World Food Loss and Waste Awareness Day, today 29 September

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World Food Loss and Waste Awareness Day, today 29 September

The International Day of Awareness of Food Loss and Waste was established by a resolution of the UN General Assembly in December 2019 and it was decided to be celebrated every year on 29 September, starting in 2020.

Its main goal is to bring together individuals, organisations, businesses and governments around the world to help reduce food loss and waste. Everyone can contribute to the common cause by treating their nutritional needs more carefully (they can stop buying unnecessary food, store food properly, make the most of food waste, etc.), but concerted action by authorities, businesses and organisations is needed to successfully solve the problem globally.

Moreover, food production has emerged as one of the biggest threats to the environment today, contributing among other things to the climate crisis. By 2030, food loss and waste should be reduced by 50%, according to the UN Sustainable Development Goals. But the European Union needs to take significant steps to achieve this, as its progress has so far been slow, according to a joint report by WWF and UK-based WRAP.

The critical juncture the planet has reached requires all of us to take food waste seriously and take action! That’s where our company, Bring it Back, comes in, to fill this gap between stores and consumers and give a second chance to fresh food that wouldn’t be consumed. Our goal is to significantly reduce or, why not, eliminate food waste in Greece. All this while helping Business owners to recoup some of their food costs and Consumers to enjoy quality fresh food at a discounted price. Everyone benefits and wins, and most of all the environment, as resources are fully utilised and waste is reduced.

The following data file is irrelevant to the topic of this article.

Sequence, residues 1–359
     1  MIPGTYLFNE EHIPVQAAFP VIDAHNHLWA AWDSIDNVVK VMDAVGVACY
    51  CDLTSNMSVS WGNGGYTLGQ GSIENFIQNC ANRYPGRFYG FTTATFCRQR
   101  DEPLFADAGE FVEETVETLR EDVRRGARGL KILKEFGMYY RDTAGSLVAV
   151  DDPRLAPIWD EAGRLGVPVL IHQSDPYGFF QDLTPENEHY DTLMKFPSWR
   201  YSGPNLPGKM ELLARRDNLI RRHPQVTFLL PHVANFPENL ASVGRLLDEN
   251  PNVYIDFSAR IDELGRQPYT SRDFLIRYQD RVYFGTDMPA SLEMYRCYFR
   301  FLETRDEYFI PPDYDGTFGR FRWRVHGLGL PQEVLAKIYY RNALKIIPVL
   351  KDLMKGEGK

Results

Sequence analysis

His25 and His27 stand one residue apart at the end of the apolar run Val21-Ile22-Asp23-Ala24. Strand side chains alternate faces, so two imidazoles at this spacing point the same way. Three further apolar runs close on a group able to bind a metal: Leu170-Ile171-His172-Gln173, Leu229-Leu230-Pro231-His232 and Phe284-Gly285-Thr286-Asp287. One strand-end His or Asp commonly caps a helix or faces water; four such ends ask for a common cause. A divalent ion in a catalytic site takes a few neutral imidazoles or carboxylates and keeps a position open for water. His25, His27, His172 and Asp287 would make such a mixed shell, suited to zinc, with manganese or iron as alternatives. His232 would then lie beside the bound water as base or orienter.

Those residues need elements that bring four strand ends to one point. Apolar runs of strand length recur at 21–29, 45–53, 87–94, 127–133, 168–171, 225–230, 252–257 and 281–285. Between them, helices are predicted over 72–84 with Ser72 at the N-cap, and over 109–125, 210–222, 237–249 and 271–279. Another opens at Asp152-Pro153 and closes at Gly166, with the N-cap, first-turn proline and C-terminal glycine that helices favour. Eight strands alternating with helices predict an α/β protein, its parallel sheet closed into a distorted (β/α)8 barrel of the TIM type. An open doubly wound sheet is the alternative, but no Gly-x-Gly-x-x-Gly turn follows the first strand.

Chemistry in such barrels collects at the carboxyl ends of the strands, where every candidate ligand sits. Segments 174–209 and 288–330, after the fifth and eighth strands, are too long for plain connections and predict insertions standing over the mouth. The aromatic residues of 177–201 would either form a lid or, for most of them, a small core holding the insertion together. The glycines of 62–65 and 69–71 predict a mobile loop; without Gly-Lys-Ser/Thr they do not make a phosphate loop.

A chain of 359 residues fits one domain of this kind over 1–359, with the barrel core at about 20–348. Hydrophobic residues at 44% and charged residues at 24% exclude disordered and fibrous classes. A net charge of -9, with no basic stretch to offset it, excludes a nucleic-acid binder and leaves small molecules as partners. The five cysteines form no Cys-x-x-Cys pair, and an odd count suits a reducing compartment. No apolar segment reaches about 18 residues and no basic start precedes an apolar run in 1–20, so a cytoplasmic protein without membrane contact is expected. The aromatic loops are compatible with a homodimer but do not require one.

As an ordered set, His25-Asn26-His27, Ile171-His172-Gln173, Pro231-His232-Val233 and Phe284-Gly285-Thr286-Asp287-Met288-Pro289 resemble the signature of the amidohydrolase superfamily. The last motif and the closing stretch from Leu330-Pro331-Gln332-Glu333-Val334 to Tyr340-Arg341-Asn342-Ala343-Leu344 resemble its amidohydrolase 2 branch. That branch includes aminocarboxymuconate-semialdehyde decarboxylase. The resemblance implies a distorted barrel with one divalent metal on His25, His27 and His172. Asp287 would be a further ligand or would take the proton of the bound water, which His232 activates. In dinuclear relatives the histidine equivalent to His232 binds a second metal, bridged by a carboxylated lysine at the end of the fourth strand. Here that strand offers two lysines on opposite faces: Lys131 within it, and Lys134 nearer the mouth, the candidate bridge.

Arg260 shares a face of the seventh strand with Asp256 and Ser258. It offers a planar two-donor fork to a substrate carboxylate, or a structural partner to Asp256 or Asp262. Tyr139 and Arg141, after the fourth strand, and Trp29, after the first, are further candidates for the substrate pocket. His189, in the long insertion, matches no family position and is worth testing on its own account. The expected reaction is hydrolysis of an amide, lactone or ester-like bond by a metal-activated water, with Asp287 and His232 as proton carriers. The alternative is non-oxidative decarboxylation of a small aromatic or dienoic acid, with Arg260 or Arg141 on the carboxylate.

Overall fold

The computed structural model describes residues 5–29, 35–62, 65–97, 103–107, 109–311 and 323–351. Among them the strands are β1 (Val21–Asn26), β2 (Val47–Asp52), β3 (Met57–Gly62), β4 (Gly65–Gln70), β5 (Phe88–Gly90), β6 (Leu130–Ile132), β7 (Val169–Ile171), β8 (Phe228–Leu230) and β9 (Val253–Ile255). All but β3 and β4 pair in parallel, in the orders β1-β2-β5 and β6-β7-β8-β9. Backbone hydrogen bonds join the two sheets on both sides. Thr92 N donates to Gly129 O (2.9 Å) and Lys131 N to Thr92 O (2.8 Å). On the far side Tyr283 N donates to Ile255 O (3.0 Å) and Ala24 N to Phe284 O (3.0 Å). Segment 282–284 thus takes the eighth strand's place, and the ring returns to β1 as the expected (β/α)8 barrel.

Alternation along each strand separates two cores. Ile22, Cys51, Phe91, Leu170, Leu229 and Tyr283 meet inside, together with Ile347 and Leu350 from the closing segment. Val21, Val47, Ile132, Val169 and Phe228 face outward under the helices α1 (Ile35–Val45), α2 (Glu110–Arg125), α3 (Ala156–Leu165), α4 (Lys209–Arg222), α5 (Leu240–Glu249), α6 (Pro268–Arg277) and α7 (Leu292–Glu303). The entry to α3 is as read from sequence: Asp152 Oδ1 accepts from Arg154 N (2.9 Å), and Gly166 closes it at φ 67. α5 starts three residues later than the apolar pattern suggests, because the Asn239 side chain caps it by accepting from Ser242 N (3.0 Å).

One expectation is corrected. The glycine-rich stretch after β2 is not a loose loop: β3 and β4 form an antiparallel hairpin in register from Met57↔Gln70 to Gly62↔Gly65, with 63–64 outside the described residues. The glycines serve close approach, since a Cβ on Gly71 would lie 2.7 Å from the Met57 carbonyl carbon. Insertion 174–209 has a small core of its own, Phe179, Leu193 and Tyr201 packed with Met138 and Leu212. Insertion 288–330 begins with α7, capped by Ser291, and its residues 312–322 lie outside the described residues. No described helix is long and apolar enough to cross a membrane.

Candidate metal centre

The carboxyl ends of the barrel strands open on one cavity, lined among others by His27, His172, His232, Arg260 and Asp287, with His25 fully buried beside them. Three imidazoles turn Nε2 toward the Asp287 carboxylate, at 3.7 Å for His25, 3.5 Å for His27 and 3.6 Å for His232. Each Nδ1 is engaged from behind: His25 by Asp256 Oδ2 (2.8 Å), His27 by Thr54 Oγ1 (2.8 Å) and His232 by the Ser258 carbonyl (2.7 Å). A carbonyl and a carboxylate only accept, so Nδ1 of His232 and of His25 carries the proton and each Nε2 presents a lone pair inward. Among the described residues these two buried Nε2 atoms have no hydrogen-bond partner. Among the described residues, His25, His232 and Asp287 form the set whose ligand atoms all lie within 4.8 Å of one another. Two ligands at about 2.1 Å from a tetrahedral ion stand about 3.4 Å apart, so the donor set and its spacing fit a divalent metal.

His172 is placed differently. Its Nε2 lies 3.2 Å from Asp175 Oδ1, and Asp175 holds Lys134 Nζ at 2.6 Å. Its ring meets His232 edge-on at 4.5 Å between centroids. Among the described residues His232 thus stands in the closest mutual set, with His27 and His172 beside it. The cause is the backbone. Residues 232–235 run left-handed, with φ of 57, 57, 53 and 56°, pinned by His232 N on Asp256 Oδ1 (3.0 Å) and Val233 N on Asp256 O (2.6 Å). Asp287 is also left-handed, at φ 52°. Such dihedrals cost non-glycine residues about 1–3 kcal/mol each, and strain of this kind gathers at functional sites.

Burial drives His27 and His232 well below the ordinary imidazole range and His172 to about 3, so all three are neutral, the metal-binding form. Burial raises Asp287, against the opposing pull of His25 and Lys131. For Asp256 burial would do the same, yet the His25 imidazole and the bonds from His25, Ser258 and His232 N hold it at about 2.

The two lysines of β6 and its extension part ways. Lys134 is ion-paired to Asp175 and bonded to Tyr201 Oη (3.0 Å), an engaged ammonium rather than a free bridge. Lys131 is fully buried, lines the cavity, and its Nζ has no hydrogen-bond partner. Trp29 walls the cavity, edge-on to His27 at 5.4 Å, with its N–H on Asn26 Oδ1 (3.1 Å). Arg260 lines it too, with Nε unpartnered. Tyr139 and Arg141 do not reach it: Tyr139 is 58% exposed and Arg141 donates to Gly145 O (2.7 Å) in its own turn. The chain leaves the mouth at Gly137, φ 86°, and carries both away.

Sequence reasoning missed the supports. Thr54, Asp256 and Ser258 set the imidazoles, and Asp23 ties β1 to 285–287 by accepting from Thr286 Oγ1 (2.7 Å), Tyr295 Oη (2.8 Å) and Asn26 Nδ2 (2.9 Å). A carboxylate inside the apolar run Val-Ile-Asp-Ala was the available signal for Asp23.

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Food waste in numbers, according to WWF


  • 1 in 3 food waste, 1.3 billion tonnes of food.
  • 30% of the fruit and vegetables produced are rejected because of their appearance.
  • Countries that measure food waste represent only 12% of the world’s population.
  • 28% of rural areas are cultivated to produce food that is simply wasted.


  • 88 million tonnes of food end up in the garbage.
  • Every person in the EU throws away 173 kg of food per year.
  • 10% of the rejection is related to the indicated expiry date.

Greece 3rd in the world in food waste

Greece, unfortunately, is a global leader, ranking third among the most food-wasting countries.

The classic cant that our parents used to say and we tell our children, “the children in Africa are hungry, eat all your food”, now has a real basis. As of course the classic answer “it doesn’t matter because the kid won’t eat it in Africa” is also valid. It is, however, a classic demonstration of the wisdom of the people, because both food waste and hunger are a reality in Africa in the 21st century.

Greece, according to UN data, is third on the list of countries that waste the most food in the world. At the same time ELSTAT, with data for 2020, reported that 1.35 million people in the country face food insecurity.

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What is food waste?

Food waste refers to the amounts of food we throw away – leftovers and expired food, but also the food lost in the production, transport, storage and sale process, which is not a negligible amount.

The majority of lost food is found in households according to statistics. EU figures give about half of the total food waste in households. Catering services account for 10% of the total, for example. The rest is lost in the production and supply chain.

Why is food waste a problem?

Food waste not only contributes to the loss of valuable and often limited resources such as water, soil or energy, it also contributes to climate change. According to the United Nations Food and Agriculture Organization (FAO), for every kilogram of food produced, 4.5 kg of carbon dioxide is released into the atmosphere.

Another important factor is the huge number of undernourished people on the planet, reaching 793 million in the pre-covid period. In Europe alone, the number of people who in 2014 were unable to have a quality meal every other day reached 55 million (9.6% of the EU population).

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So let’s all work together for a world without food waste!

Join the Bring it Back community!